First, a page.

ECM proteins represent one of the earliest recognized and most elaborate examples of exon (domain) shuffling during evolution (5). This distinctive feature of ECM proteins allows bioinformatic identification of the proteome encoded by any given genome, using around 50 domains to establish a list of ECM protein candidates (5). Using such methods combined with manual annotation, Hynes and Naba groups have built an in-silico matrisome database and generated a robust list of the proteins defining the mammalian matrisome by analysis of the human, mouse, and zebrafish genomes (6, 7). Thus, by definition, the matrisome is a subset of the entire proteome dedicated to ECM. It is divided into two main categories: core- and associated-matrisome. The core-matrisome is the set of high molecular weight and structural proteins synthesized by cells to form ECMs. The human genome encodes 44 collagen genes, 195 ECM glycoproteins and 35 proteoglycans, forming the core-matrisome (6). The associated-matrisome encompasses proteins secreted and either localized to the ECM or remodeling the ECM. Thus, the associated-matrisome is further divided into secreted factors localizing to ECMs (344 proteins), ECM-regulators (238 proteins), and ECM-affiliated (171 proteins) (6). Overall, in humans, the matrisome includes 1027 genes, representing about 4% of the human protein-encoding genome (8). However, each organ at each age represents a unique matrisome composition tailored to its function.

Advancing oncofertility through text-mining

We studied all possible effects of chemodrugs on the 98 detected ovarian matrisome proteins (1) that have been previously discovered by our group (Supp Table.1). Thus, by improving our understanding of the mechanisms involved, we hope to mediate the development of solutions limiting the negative impact of chemotherapy on ovarian reserve. To this end, we relied on Pathway Studio software (mammalcedfx.pathwaystudio.com) (Fig. 1). This Elsevier-associated text-mining software extracts relevant information from scientific publications on a large scale. It uses its proprietary Nature Language Processing (NLP) MedScan technology (9). Collected data are derived from more than 36 million abstracts from MEDLINE and more than four million full-text journal articles from Elsevier and other major scientific literature publishers. NLP is a collection of methods for semantic analysis of an unstructured text that allows for extracting specific items or facts of scientific interest. Basic NLP works by recognizing and capturing information triplets in the form of subject-verb-object statements. These triplets are the basic units of NLP technology. The recognition of these triplets is referred to as syntactic analysis (namely, recognition of these relationships in a sentence). For example, all the different ways in which a single gene or protein can be named is referred to as the dictionary. This is one of the very powerful assets in MedScan technology, as it identifies many synonyms that refer to the same object or entity. These information triplets, once recognized, must be understood in the context of particular scientific domains and definitions in a process known as semantic analysis. Defining these domain ontologies is part of the NLP approach.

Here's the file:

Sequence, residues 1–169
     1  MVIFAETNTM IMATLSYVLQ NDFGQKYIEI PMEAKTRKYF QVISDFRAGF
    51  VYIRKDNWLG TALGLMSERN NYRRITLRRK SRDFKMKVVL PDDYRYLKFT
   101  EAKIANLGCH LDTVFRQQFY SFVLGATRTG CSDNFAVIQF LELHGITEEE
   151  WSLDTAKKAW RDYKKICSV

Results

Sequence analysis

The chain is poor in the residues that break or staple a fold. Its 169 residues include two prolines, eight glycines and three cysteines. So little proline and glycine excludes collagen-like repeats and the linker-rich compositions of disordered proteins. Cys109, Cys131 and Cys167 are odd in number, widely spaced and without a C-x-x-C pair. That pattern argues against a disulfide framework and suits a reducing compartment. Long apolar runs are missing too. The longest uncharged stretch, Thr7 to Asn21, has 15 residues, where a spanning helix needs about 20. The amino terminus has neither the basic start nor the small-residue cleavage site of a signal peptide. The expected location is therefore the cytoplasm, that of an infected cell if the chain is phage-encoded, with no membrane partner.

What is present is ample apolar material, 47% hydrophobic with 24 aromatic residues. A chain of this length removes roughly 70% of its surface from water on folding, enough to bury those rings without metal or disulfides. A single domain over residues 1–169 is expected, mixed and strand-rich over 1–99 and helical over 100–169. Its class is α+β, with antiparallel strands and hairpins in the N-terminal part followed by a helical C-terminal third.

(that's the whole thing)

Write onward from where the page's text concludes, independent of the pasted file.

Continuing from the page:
Click to view Supplementary Table 1. NLP technology for deciphering possible ECM-chemotherapy interactions. Report of the results and references used to describe chemodrugs impact on ovarian matrisome proteins.

Here, Pathway Studio was used to elucidate the impact (e.g., positive/negative regulation; binding; molecular transport) of FDA-approved anticancer drugs on ovarian matrisome proteins (4, 10). The results obtained after entering the FDA-approved drug list described by Sun et al. (10)  interrogate on Pathway tudio the possible direct targets of each drug among the matrisome list (4) and describe the nature of their interactions.

Ovarian matrisome and chemotherapy: a potentially toxic relation